We would like to announce an exciting new programme of work that has been funded by the Hewlett Foundation to increase the use of evidence in integrated development planning and parliamentary processes in Africa. The programme, whose implementation started in October 2015, is building on lessons from our past work to improve uptake of research evidence in decision-making processes in government ministries and parliaments in Africa.
Enabling increased evidence use in integrated development planning
This new programme has two main components. The first component aims to enable increased evidence use in integrated development planning in Africa. This component builds on our ongoing ground-breaking work that is conducting rigorous modeling and forecasting to provide African governments with advise on the investment options they need to make in order to harness sizeable demographic dividends. Part of this programme involves a partnership with the UNFPA East and Southern Africa Regional Office (ESARO) to provide technical support on the demographic dividend to the 23 African governments in the region. In this new programme, we are building on this work to implement innovative interventions that will increase African governments’ uptake of evidence on the demographic dividend in decision-making processes, with particular focus on enabling countries to develop and own national roadmaps for harnessing the demographic dividend and incorporating evidence on demographic dividend in their integrated development planning processes.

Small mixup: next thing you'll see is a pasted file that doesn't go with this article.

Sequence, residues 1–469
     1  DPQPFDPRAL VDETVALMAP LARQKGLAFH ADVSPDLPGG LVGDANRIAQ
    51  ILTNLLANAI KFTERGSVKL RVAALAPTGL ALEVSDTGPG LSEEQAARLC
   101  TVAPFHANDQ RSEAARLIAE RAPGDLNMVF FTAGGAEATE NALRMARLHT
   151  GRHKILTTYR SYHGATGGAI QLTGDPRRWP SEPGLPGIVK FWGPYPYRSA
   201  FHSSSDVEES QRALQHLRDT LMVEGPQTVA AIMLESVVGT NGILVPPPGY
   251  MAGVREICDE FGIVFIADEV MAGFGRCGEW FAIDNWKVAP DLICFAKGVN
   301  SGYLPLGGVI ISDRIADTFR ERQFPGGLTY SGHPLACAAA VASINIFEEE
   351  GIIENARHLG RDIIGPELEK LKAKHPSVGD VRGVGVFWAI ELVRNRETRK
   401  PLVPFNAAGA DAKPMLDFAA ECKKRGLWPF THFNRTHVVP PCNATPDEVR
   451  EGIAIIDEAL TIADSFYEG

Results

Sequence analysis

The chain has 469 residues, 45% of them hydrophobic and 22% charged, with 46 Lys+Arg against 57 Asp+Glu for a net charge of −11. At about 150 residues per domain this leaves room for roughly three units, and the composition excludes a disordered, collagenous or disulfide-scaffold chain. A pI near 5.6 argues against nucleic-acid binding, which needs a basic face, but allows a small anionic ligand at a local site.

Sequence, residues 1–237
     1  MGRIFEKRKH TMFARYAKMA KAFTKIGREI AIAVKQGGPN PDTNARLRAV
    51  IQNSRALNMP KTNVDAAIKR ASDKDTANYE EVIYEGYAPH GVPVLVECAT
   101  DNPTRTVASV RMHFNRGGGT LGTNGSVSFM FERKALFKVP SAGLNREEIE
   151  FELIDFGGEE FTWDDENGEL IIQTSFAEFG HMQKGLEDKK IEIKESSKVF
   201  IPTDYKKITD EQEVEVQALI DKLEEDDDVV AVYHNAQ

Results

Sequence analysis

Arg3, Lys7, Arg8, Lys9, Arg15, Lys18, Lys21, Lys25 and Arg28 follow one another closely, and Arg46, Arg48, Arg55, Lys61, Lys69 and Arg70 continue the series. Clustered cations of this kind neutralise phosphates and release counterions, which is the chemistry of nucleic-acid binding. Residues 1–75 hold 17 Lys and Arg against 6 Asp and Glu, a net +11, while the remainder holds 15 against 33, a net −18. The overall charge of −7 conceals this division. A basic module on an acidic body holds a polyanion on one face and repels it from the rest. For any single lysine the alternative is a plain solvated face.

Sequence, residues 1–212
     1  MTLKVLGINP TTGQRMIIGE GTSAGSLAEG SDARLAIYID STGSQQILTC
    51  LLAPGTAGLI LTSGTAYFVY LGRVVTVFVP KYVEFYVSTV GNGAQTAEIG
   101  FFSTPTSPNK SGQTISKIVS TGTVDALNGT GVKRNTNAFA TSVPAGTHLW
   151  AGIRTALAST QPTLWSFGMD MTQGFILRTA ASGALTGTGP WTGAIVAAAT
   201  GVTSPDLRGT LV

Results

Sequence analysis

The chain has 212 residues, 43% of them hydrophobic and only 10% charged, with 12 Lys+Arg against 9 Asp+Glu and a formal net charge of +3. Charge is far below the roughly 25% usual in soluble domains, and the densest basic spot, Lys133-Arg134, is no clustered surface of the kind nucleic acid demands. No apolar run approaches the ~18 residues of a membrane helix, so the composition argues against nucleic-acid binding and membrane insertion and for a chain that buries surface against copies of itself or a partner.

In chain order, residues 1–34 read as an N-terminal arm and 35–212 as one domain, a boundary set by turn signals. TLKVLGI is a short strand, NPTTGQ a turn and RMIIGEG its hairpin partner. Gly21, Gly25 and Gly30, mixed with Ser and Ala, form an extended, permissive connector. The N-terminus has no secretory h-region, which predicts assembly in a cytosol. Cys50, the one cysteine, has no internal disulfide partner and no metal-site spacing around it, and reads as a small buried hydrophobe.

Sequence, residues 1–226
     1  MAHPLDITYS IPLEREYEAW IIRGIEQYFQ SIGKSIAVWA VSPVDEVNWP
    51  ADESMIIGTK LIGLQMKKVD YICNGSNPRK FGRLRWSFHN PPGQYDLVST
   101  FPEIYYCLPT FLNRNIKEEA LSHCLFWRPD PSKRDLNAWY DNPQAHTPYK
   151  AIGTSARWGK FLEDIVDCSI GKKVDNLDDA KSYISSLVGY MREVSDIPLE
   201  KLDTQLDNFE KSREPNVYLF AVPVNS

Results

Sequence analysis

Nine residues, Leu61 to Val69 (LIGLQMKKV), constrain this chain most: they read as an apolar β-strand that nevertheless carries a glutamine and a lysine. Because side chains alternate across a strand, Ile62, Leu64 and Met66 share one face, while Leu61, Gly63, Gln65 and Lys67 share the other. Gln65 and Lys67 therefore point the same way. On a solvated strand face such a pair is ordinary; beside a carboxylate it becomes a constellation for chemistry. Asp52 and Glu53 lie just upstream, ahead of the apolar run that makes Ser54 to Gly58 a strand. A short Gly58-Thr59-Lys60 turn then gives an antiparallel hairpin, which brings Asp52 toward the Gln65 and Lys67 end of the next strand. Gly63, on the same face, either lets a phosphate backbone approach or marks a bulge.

Assessing effectiveness of interventions that seek to enable increased evidence use in African parliaments
The second component of the programme aims to assess the effectiveness of parliamentary networks in enabling increased evidence use in debating and other decision-making processes in parliaments in Africa. The assessment will draw important lessons on whether or not national and regional parliamentary networks present an opportunity for increasing evidence use in parliament decision-making process in Africa. Under this component, we are working with a recently formed Parliamentary Caucus on Evidence-Informed Oversight and Decision-Making (PC-IEDM) in Kenya to champion increased evidence use by tackling some of the institutional barriers to evidence use in parliament as well as sensitizing parliamentarians on the need for them to deliberately focus on using evidence or challenging their peers to use evidence. Currently, the Caucus has about 20 member MPs who are championing its activities in the Kenyan parliament.
In addition, we are also working with a regional parliamentary network, the Network of African Parliamentary Committees on Health (NEAPACOH), first, to assess its effectiveness in enabling increased evidence use in member committees, and two, to use the lessons from this assessment to improve the network’s strategies in enabling increased evidence use by member committees across Africa. NEAPACOH has a membership from 21 African countries.
This is a two-year programme, running from October 2015 to September 2017. The programme had a 3-months inception phase between July-October 2015, during which we focused on setting up internal structures and initiating some partnerships for its implementation.